New Jersey

Walking on the beach is one of life’s great pleasures, and it’s especially nice when you can bring your furry friend along. If you’re looking for a dog-friendly beach in New Jersey, we’ve got you covered. From Sandy Hook to Cape May, here are some of the best beaches where your pup can run, swim, and play to their heart’s content.

Where are the best dog beaches in New Jersey

This question is difficult to answer, as it depends on what you consider to be the ideal beach for a dog. Some of the best dog beaches located along the New Jersey Atlantic coastline include:

  • Bradley Cove Dog Beach – Asbury Park
  • Beach Haven Doggy Bay – Beach Haven
  • Wildwood Dog Park & Beach – Wildwood
  • Longport Dog Beach – Atlantic City
  • Cape May Dog Beach – South Cape May

If you live further inland, there are plenty of dog beaches that can be found at recreation areas and state parks scattered across New Jersey.

What should I do if my dog doesn’t know how to swim?

Even dogs that aren’t natural swimmers can learn how with some patience and lots of positive reinforcement. Get in the water yourself so that they have a non-threatening human example to follow. Praise your dog if they start swimming on their own, and bring them out of the water immediately if they struggle or look scared. If this continues for a long time, consider investing in a canine life vest just to be safe!

What should I do if my dog is fearful?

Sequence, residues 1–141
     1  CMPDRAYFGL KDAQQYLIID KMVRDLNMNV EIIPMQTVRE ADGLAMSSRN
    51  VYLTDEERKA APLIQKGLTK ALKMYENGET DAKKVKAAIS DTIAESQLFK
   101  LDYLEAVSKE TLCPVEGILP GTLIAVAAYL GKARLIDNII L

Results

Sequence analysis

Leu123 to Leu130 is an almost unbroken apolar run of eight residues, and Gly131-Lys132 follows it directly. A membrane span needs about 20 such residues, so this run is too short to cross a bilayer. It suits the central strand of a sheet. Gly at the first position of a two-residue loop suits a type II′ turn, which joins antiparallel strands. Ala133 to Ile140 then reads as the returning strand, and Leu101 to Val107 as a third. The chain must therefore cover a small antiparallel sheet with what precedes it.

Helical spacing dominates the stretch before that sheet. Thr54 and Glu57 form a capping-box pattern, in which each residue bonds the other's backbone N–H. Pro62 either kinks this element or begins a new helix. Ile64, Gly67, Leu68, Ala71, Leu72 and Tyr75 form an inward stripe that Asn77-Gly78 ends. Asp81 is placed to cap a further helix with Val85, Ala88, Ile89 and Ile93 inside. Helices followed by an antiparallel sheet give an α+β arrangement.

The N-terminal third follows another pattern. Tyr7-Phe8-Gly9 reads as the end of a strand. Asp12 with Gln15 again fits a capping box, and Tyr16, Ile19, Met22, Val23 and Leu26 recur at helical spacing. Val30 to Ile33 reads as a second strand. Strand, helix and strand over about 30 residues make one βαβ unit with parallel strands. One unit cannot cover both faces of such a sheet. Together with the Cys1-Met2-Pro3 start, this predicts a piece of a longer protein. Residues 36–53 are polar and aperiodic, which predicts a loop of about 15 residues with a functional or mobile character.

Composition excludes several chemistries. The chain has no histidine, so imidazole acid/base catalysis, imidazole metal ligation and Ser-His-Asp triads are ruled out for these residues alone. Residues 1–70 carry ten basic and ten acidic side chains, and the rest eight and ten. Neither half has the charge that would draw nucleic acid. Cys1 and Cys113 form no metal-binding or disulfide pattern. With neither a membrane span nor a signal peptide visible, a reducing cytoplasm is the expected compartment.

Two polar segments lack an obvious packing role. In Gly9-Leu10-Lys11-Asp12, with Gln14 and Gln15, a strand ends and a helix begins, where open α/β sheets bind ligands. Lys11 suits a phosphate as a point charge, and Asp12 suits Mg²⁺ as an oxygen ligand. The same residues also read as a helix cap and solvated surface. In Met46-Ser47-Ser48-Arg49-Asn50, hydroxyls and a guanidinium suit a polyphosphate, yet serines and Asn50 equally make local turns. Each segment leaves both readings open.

It’s important that your dog feels comfortable and relaxed at the dog beach. If your dog is scared, don’t force them to interact with other dogs. Bring lots of toys for them to play with as well as some treats – positive reinforcement always works wonders!

What should I do if my dog is aggressive?

Aggression can be caused by many different factors, so take a moment to try and figure out if your dog is just a little grumpy or actually feels threatened. Keep a close eye on aggressive dogs while at the beach, and bring them back to the car right away if they show signs of aggression.

What common problems should I be aware of?

Digging, over-excitement, and miscommunication between dogs are the three most common problems at dog beaches. If your dog loves to dig, consider bringing them to a section of the beach that has no sensitive vegetation. Make sure you’re aware of where other people’s dogs are at all times – if they feel threatened or uncomfortable by another dog, your pet could end up using them as a chew toy.

If my dog digs in the sand at the beach, what can I do?

As long as your dog isn’t digging a hole to China and they aren’t digging in an area with sensitive vegetation, there’s no need to worry!

What should I do if my dog has diarrhea or is vomiting after leaving the beach?

If your dog has vomiting or diarrhea within 24 hours of visiting the dog beach, call the vet immediately. If it happens right after leaving the beach, bring your dog home and scrub down their feet and fur with soap and water to prevent them from ingesting bacteria.

Is there anything else I should know about taking my pet to a dog beach?

If your dog spends a significant amount of time at the dog beach, consider vaccinating them against Lyme disease. Make sure that your dog’s vaccinations are up to date and always watch for signs of ticks after visiting the beaches!